About the book:
A laugh-out-loud, heartfelt YA romantic comedy, told in alternating perspectives, about two Indian-American teens whose parents have arranged for them to be married.
Dimple Shah has it all figured out. With graduation behind her, she’s more than ready for a break from her family, from Mamma’s inexplicable obsession with her finding the “Ideal Indian Husband.” Ugh. Dimple knows they must respect her principles on some level, though. If they truly believed she needed a husband right now, they wouldn’t have paid for her to attend a summer program for aspiring web developers…right?
Rishi Patel is a hopeless romantic. So when his parents tell him that his future wife will be attending the same summer program as him—wherein he’ll have to woo her—he’s totally on board. Because as silly as it sounds to most people in his life, Rishi wants to be arranged, believes in the power of tradition, stability, and being a part of something much bigger than himself.
The Shahs and Patels didn’t mean to start turning the wheels on this “suggested arrangement” so early in their children’s lives, but when they noticed them both gravitate toward the same summer program, they figured, Why not?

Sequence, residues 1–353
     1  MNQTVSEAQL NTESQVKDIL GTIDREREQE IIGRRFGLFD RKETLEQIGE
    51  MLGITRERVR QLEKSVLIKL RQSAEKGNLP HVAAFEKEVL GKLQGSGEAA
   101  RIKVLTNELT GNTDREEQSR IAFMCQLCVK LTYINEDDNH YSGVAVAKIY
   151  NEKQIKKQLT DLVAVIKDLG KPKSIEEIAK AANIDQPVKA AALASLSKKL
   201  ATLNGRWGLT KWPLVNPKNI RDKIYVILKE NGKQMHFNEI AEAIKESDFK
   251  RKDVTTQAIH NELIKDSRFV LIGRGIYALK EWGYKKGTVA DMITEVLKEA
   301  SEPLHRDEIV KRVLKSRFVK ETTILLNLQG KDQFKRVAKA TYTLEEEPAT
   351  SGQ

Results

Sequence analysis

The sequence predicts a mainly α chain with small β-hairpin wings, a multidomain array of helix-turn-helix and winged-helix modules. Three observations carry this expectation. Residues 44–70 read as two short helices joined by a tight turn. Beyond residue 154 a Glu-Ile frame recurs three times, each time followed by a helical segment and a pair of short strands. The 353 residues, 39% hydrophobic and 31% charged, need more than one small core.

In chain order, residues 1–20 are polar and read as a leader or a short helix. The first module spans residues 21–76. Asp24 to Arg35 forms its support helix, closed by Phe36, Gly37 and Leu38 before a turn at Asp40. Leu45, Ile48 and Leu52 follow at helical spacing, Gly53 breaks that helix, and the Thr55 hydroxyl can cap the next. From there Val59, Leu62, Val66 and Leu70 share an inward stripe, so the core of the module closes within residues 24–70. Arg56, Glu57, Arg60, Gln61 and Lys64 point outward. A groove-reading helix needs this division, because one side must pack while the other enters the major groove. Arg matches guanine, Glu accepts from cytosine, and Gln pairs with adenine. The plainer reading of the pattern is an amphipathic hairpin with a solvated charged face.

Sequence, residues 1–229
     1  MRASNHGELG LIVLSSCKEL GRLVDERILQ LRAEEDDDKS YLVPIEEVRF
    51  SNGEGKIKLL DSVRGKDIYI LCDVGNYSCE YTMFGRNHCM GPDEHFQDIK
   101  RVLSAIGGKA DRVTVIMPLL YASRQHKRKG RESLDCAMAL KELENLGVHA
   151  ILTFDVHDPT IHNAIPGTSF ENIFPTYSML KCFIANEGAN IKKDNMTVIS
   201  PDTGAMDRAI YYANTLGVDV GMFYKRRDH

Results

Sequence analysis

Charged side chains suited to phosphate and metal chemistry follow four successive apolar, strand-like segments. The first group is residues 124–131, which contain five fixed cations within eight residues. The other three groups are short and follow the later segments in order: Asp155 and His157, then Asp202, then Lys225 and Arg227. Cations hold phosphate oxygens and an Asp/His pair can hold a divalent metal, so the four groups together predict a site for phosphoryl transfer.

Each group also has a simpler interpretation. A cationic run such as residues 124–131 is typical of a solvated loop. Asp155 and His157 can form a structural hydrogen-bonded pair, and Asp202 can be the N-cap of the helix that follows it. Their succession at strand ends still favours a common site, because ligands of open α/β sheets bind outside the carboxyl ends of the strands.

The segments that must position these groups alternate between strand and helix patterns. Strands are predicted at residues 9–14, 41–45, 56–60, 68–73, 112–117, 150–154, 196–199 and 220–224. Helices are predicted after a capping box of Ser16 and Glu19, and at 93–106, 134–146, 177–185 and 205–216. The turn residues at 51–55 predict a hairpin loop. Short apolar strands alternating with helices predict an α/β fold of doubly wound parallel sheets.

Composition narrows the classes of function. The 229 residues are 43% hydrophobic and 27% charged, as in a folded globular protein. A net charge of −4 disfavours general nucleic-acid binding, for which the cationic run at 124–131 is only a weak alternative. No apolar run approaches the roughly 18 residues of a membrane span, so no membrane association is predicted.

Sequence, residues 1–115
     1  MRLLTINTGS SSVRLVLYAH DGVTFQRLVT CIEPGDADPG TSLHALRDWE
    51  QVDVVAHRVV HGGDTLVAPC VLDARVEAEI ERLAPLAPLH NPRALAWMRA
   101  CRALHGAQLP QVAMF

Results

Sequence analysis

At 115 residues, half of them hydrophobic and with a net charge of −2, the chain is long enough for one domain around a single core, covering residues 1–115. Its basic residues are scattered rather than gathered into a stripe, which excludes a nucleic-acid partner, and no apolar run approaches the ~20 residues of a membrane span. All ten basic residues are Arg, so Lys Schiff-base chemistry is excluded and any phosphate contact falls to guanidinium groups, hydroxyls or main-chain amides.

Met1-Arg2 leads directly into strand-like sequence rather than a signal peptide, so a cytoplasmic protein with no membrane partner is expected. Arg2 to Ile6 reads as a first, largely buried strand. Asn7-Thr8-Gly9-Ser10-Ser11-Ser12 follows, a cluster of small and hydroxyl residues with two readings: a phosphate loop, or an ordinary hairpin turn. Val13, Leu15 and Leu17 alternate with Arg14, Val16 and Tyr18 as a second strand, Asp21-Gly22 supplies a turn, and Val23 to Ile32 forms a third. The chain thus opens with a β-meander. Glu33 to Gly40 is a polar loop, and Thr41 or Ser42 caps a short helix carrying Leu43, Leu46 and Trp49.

Dimple and Rishi may think they have each other figured out. But when opposites clash, love works hard to prove itself in the most unexpected ways.
Review by Katy Haye:
I picked up When Dimple met Rishi after seeing it LOADS on Instagram. It sounded fun and I needed a “W” book so it hit the spot perfectly.
Let me tell you, fabulous reader, Instagram was spot on. When Dimple met Rishi is a glorious book. You might guess from the names that it’s about a couple of Indian characters – in fact they are both Indian-Americans; their parents were first generation immigrants. It’s about family and expectations and culture and being yourself and finding your path in life, and it’s funny and touching and wry and I loved it.
Dimple and Rishi make a gorgeous couple who bring out the best in each other and I fell entirely in love with both of them. The secondary characters were well-constructed so I was happy to cheer or boo for them as appropriate (as an aside, I loved the descriptor Aberzombies). The social commentary was spot-on without being heavy-handed. It was very, very real and vital.
The narrative does lose a little bit of pace towards the end when the couple are separated for a while, but it’s so entirely excellent overall I’ll forgive that.
It doesn’t happen often, but I can confidently say When Dimple met Rishi is absolutely worth the hype. Get a copy!
Katy Haye is reading (and reviewing) her way through the alphabet. Check back next week – there should be an “X” review, but since Katy has her nose stuck firmly in another “W” book right now, that might not be the case!
When not reading, Katy writes speculative YA fiction. Rising Tides has just been shortlisted for the 2017 RONE Awards.